March 28, 2012
By Alton K. Marsh
Officials of Rotax Aircraft Engines, the company supplying engines for ultralights in Europe and light sport aircraft in the United States, expect certification of the new four-cylinder 100-horsepower 912 iS fuel-injected engine in late summer.
The engine uses control technology by Rockwell Collins and could result in fuel savings for aircraft operating at 5,000 feet msl and higher. It is expected to cost $4,000 to $5,000 more than the carbureted 100-hp 912S engine. ASTM engine compliance used by LSA could come as soon as June.
For aircraft constantly operating at higher altitudes, fuel savings could amount to 20 percent, the company claimed. It would mean the aircraft is burning only four gallons per hour, Rotax officials told reporters during Sun `n Fun in Lakeland, Fla. The fuel savings are accomplished by having the computer-controlled engine operate at lean of peak. It is a port injection engine.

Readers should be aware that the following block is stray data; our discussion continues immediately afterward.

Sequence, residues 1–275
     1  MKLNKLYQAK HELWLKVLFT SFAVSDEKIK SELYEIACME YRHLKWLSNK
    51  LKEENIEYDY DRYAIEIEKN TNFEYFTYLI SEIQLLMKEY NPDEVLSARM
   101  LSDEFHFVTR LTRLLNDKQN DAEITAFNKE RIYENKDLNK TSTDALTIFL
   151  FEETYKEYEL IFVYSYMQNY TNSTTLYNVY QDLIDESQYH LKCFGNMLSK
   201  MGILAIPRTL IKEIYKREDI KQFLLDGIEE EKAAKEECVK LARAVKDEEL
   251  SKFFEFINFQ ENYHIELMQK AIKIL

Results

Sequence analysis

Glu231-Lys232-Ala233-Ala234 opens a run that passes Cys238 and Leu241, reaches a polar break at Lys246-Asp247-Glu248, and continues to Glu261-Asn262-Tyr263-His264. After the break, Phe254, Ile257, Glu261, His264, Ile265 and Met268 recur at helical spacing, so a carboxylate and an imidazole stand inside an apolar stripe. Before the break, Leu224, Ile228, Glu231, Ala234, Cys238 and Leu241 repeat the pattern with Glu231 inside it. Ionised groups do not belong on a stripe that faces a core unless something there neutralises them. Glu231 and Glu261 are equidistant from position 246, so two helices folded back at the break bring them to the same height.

Rotax officials said at 140 pounds, it is claimed to be the lightest of any fuel-injected engine. The installed weight is 10 to 15 pounds heavier than the carbureted 912 S and ULS models.
Aircraft Power and Fuel,
Aircraft Components and Gear,
Lean of Peak,
Pilot Safety and Skills,
NetJets has added a new safety feature to its long-range fleet: a doctor who is always in.
Your mission: Fly with eight F-15s to the Philippines, rejoin, refuel with air tankers, engage an unknown number of Red Air fighters, refuel again, and then return home to Okinawa. And fly with radio silence up to the first contact with the Red Air fighters.
Shell announced Dec. 3 the development of an unleaded aviation fuel that will be submitted for certification as a "performance drop-in" avgas replacement.
AOPA thanks our members for their continued support in protecting the freedom to fly.